But here it is. In all it's glory. So cute, so just right.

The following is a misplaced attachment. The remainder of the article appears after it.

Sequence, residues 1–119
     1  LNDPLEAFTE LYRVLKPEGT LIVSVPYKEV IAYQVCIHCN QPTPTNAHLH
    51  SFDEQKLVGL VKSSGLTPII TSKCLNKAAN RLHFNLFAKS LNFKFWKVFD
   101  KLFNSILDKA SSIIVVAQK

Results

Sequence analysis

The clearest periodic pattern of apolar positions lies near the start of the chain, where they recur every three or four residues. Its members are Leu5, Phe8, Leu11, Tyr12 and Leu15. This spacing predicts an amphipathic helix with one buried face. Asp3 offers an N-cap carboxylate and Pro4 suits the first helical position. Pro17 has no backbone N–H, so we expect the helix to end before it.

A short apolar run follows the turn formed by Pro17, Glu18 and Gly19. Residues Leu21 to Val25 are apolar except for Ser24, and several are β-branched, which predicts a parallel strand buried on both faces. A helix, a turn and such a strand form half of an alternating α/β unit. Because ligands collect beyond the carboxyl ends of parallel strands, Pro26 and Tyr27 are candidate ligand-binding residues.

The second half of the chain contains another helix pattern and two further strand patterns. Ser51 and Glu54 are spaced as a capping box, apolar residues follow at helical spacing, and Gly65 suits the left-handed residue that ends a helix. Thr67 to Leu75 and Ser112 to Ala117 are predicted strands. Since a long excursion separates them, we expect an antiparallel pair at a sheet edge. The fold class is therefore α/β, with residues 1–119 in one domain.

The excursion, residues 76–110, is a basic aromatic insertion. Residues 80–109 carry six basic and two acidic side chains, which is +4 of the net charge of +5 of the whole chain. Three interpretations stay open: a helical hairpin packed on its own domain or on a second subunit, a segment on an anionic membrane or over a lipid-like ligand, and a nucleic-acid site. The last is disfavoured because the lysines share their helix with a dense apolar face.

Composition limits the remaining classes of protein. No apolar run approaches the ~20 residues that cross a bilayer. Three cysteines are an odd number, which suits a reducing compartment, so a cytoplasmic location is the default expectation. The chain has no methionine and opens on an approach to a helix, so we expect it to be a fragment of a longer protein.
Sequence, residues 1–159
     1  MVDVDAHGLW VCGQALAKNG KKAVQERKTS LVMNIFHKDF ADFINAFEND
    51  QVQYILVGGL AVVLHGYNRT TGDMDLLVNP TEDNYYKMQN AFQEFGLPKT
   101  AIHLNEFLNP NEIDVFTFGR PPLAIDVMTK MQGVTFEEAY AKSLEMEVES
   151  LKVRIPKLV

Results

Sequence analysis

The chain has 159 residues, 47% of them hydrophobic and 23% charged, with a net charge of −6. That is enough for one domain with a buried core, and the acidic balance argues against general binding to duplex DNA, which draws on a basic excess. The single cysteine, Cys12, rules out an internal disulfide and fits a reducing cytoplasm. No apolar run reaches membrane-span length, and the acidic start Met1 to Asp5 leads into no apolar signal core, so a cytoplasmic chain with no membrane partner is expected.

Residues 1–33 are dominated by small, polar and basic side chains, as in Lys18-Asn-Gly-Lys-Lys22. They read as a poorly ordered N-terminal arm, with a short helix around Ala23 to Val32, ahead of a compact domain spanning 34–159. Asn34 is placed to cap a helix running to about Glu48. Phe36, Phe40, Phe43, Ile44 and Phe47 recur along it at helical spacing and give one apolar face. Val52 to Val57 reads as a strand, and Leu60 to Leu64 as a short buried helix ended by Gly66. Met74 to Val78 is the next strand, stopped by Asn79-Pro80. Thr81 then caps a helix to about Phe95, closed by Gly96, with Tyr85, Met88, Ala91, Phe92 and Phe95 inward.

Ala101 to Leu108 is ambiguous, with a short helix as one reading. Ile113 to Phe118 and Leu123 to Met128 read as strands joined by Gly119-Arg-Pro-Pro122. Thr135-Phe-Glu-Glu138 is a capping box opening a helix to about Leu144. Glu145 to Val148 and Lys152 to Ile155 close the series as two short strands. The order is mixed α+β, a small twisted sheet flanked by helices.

The Hornet takes flight!

And So It Begins...